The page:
But a gene might find itself in a male or a female, so that its interests will differ from one generation to the next. The purpose of a biochemical mechanism called genomic imprinting is to switch genes on or off depending on whether they came from the father or the mother.

In humans, geneticists have found more than a hundred imprinted genes. In those that are paternally imprinted, the copy that came from the father is active, and the one from the mother is silent. These genes tend to promote growth, whereas maternally imprinted genes tend to suppress it. Normal development is the outcome of a balance between maternal and paternal genomes, but sometimes this gets upset. If maternally imprinted genes are silenced, offspring come out much larger than normal. Children with Prader-Willi syndrome, on the other hand, lack a chunk of the paternal genome: they show little interest in suckling, and grow slowly, as if their appetites are being suppressed by the unopposed maternal genome. Around the age of weaning, however, they pick up a voracious appetite, as if the maternal genome is now encouraging the child to fend for itself.

In many species, including humans, parental investment extends long after birth, and animals live in kin groups, so investments besides those between a parent and child come into play. The reach of imprinted genes thus extends into social behaviour and personality. It is on this subject that Trivers and Burt display the most vigour, since it allows them to write, as they put it, ‘unconstrained by any direct facts’. When the two sexes lead different social lives, evolution can operate on imprinted genes. In many mammals, for example, females stay close to their birthplace whereas males tend to disperse. A mother is therefore more likely to have close relatives nearby, and her genes will be selected to favour behaviours that might benefit relatives at her own cost, such as giving an alarm call to warn of predators, or sharing food.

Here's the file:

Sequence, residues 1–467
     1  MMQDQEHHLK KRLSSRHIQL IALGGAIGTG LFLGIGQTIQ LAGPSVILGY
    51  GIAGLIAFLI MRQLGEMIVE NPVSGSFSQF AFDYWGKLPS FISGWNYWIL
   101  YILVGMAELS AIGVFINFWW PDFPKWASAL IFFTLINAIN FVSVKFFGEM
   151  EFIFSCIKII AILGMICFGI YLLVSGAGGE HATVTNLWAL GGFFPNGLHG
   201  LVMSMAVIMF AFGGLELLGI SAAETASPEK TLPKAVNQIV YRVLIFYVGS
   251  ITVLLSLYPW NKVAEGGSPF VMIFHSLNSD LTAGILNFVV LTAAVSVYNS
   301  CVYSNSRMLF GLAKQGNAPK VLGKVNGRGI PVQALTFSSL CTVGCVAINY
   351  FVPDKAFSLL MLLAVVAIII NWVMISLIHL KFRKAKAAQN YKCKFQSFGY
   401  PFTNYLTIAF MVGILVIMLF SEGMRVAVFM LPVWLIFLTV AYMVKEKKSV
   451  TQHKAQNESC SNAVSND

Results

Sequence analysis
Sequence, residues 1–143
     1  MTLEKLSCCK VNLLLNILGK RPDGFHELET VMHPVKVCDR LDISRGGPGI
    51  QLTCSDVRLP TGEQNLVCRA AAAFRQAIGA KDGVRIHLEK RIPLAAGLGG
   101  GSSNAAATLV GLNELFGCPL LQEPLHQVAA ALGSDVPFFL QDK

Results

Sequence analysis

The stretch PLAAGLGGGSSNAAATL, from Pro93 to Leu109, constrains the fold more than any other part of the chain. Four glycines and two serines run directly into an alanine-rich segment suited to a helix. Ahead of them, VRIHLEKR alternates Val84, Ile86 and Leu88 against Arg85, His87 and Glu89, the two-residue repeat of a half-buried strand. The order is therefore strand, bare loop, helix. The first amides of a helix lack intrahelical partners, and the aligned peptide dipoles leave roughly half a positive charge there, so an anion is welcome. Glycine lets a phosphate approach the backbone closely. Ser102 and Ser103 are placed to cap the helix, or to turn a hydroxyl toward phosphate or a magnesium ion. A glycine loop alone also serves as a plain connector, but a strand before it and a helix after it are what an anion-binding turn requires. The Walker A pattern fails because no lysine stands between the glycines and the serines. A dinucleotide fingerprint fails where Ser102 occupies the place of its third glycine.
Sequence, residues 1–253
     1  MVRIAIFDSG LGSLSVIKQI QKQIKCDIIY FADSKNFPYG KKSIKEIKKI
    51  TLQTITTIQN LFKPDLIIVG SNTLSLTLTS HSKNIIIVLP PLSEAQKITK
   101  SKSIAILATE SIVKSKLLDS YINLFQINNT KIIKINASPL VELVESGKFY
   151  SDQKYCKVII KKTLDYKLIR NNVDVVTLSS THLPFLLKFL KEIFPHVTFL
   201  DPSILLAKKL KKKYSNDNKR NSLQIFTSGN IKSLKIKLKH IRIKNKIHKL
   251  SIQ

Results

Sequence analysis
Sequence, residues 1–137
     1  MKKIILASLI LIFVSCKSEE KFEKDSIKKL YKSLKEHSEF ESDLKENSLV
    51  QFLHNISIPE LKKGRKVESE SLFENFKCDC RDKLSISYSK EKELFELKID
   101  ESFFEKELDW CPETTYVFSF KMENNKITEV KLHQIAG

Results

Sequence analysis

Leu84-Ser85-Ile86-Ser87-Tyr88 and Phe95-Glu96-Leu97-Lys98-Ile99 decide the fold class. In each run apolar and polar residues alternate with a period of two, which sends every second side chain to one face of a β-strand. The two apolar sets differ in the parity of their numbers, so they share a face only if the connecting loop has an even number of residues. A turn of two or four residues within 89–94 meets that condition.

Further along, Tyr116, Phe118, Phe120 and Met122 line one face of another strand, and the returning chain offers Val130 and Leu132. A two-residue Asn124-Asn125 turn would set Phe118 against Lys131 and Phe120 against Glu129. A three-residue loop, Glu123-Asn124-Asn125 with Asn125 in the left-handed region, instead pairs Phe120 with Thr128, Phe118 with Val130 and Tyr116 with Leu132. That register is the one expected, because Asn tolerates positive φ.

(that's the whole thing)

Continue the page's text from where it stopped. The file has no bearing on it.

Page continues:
Paternal genes, in contrast, are more likely to be recent arrivals in the group, and will lack nearby relatives. So paternally imprinted genes are selected to bias behaviour away from the group and towards the individual. Mice have paternally imprinted genes that seem to drive females to invest more in their offspring – and so make more copies of paternal genes – and less in other kin. Imprinted genes can also influence an animal’s ability to recognise kin.

In humans, imprinted genes are implicated in a variety of disorders that affect social skills, including autism and schizophrenia. Turner’s syndrome, for example, results from the loss of one of the X chromosomes. Girls suffering from it tend to have normal intelligence, but poor social skills. Those whose sole X chromosome has come from their father, however, are significantly better off in this regard than those who have inherited a maternal X chromosome, so it looks as if the X chromosome carries paternally imprinted genes that contribute to social abilities. If selection for such abilities has been stronger in human females than males, this makes sense, because an X chromosome in a sperm cell is guaranteed to end up in a female, whereas one in an egg could end up in a boy or girl. Why these genes should be switched off at all is a puzzle, and hard to explain as an effect of conflict within the genome, but it may be that if both imprinted genes were switched on they would be harmfully overactive. The fact that all men have inherited an X chromosome from their mothers, and so have inactive versions of these genes, might partly explain why diseases such as autism are more common in males.

This may sound like rampant genetic determinism. I do favour that view of evolution which stresses the power of natural selection to shape individual genes, rather than the view that sees the biology of individuals as more of a compromise between the interests of genes and the limitations imposed by evolutionary history and embryonic development. And I think that the biology of selfish genetic elements is some of the best evidence for such a view. But, while individual genes may be ruthless, the genome and the organism are pulled in all sorts of directions at once, creating a complex and nuanced set of evolutionary forces. The different genes inside an individual have different interests. What’s more, the interests of a gene change from generation to generation, depending on what other genes it finds itself with, and the sex and social circumstances of its host. ‘The unity of the organism is an approximation,’ Burt and Trivers write. The consequences of that approximation for everything from the most basic aspects of cellular biology to (perhaps) the most subtle features of human personality have been profound.